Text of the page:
By Jonathan Brown
Britain was swept by a lobbying scandal recently which damaged the integrity of the British political system. The first to fall in this controversial investigative journalism swoop was the Tory MP Patrick Mercer. A joint Panorama and Telegraph team laid a trap which ensnared Mr Mercer, and the consequences of which led to him subsequently resigning as the Conservative Party whip. It involved secret filming in meetings between Mr Mercer and a fictitious lobbying group which offered to pay the MP money to promote business interests in Fiji, one means of doing so was by setting up an all-party parliamentary group. He also directed questions to the Foreign Minster exploiting his privileged position regarding access and profiting from this. The wrongdoing of Mercer was that he did not declare his financial interest to Parliamentary authorities regarding Fiji and was not open regarding this.
The events damage further the already strained relationship between the electorate and politicians, and undermine parliamentary democracy. In not declaring relevant financial and special interests, the public are kept in the dark regarding the motivations of politicians and the agendas they may be pursuing. Lord Laird resigned from his position as UUP whip after footage obtained in the same investigation appeared to show him agreeing to profit from carrying out his normal parliamentary activities.
A Sunday Times investigation embroiled 2 members of the House of Lords in the controversy surrounding lobbying, catalysed by the information brought to light regarding Patrick Mercer. Footage appeared to show the peers offering to host functions at the Lords in return for money, despite rules forbidding members from profiteering from their positions. This blowback from this led to the Labour peers Lord Cunningham and Lord Mackenzie of Framwellgate being suspended from the party.
The revealing sting operations made public in the past week or so have uncovered and confirmed existing suspicions amongst many that in the British parliamentary democracy money can buy power. No matter how obscure the view or cause that is being lobbied for, financial might can almost guarantee special treatment. This undermines and indeed corrupts the central tenant of democracy enshrined in the principle of ‘one person one vote’, with an unequal system persisting to the detriment of fairness and the integrity of the British political system.
Lobbying it must be stated is of course not illegal and can operate as a vital tenant of a well-rounded democracy. One aspect of this is that it a means by which the electorate and influence MP’s once in power and ensure that their power extends beyond simply voting in elections. What is so controversial about the recent events is how easily the system can be exploited with major problems regarding fairness of access to decision-makers. What has emerged is the ability of the current system to be perverted into a case of MP’s for hire with the highest bidder winning, irrelevant of any of the factors so central to democracy. It raises a wider question about the robustness of the rules regarding the all-party parliamentary groups (APPG) and their susceptibility to be twisted in a way which is damaging to democracy, with numerous calls for reform in the wake of the scandal.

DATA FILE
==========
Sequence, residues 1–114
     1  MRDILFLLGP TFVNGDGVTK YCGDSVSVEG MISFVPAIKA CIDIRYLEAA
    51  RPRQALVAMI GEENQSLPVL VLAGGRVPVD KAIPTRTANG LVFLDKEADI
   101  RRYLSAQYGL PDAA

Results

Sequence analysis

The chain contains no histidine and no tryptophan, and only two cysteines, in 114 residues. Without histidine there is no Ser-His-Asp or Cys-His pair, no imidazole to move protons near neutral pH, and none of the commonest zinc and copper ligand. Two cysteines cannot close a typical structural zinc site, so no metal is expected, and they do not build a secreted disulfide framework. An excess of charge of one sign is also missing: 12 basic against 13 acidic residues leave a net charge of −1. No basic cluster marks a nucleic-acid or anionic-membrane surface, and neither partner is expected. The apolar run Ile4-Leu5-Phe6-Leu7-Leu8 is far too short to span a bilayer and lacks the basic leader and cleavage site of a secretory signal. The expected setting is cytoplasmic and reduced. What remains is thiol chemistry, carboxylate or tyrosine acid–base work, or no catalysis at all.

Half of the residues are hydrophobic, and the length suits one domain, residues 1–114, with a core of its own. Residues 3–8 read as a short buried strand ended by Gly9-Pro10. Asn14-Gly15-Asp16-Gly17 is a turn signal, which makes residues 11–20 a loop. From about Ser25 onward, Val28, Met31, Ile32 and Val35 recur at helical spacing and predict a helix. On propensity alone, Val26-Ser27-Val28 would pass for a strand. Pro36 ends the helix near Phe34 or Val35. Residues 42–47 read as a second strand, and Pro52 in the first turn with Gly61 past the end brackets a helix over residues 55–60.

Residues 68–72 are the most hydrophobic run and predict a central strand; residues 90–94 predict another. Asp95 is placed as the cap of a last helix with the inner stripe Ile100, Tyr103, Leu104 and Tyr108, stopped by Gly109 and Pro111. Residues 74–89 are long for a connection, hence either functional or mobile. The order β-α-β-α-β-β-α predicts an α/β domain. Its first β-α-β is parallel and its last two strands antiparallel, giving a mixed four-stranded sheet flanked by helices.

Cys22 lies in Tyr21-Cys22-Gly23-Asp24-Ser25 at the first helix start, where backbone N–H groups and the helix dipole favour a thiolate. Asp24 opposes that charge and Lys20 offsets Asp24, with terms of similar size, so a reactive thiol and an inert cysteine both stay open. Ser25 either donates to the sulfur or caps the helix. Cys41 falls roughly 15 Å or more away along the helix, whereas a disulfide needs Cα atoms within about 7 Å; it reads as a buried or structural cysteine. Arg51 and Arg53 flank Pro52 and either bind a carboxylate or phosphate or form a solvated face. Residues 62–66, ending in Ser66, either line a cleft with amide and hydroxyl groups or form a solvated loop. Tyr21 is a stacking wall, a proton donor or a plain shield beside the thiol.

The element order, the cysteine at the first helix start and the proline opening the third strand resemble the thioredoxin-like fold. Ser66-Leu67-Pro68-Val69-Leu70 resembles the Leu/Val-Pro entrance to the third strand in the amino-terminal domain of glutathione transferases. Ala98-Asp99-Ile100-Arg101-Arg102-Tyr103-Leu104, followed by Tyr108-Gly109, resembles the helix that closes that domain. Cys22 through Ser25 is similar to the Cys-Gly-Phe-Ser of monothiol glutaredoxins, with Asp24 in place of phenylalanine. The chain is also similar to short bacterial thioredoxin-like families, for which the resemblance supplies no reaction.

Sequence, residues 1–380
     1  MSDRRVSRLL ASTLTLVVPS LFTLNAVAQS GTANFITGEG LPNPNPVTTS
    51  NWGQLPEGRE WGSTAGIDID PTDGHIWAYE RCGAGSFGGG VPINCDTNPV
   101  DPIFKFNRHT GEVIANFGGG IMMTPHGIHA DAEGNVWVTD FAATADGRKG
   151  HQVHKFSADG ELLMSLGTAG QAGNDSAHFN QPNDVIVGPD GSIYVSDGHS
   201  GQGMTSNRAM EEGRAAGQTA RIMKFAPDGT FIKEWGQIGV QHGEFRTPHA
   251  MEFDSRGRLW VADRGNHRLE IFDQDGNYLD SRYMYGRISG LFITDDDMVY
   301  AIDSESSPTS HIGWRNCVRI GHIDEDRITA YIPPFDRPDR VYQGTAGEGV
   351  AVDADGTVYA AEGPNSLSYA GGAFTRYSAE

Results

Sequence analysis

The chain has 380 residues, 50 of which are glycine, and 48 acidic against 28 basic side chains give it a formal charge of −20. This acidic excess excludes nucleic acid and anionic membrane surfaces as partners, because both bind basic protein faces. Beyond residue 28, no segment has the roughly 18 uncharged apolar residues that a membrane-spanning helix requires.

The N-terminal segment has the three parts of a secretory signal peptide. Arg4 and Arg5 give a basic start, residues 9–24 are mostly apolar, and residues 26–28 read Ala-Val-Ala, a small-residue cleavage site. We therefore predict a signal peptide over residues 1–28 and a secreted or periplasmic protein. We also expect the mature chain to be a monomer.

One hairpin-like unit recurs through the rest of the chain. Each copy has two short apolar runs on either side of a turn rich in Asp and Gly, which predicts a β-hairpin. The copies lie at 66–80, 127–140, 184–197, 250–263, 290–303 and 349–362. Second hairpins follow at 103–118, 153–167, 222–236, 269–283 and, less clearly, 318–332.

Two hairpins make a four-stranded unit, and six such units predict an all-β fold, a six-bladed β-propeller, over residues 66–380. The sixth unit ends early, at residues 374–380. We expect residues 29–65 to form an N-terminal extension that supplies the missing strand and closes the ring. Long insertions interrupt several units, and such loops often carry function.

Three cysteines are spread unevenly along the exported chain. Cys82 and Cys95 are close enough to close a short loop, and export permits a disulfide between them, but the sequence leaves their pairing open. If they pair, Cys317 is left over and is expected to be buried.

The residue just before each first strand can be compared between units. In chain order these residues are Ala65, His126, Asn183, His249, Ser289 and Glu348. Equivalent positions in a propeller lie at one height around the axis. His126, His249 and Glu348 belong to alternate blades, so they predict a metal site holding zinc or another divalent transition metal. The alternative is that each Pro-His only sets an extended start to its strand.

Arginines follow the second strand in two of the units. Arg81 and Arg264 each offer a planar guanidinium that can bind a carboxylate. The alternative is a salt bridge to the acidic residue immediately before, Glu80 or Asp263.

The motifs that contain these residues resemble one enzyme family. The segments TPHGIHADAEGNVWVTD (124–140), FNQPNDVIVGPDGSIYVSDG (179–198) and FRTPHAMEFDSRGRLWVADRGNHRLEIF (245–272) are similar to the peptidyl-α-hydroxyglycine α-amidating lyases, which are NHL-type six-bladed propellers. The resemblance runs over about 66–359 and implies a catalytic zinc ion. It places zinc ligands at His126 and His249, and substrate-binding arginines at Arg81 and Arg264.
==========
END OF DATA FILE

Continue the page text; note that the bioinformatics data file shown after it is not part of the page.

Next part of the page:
One charge levelled at the unions in the wake of this crisis, which shall be addressed here, is that the unions are apparently equally at fault in undermining democracy through lobbying, due to their well-known financial backing of the Labour party and the influence and leverage this brings with regard to influencing policy. This indictment of the unions is absurd. The unions are one of the only means whereby those without enormous personal wealth can mobilise and collectively ensure their voices are heard. They represent millions, while the lobbying scandal reveals one of the worst kept secrets in British politics: that it is the wealthy who call the shots.
The crucial difference between the unions and the activities brought to the light in the lobbying scandal is centred on representativeness. Vested interests of the elites are given precedence in discourse and agenda setting due to money being directed to politicians with them becoming essentially agents of their financial backers, regarding issues which are often not at all representative of the views of the electorate –the fake lobbying for business interests in Fiji a prime example . This elevation of outsider and minority opinions of the elite being given political precedence is not at all synonymous with the work and lobbying the unions do on behalf of their millions of members.
What is needed is far greater transparency regarding lobbying to try and rebuild the trust between the electorate and politicians, before this relationship becomes irreparable.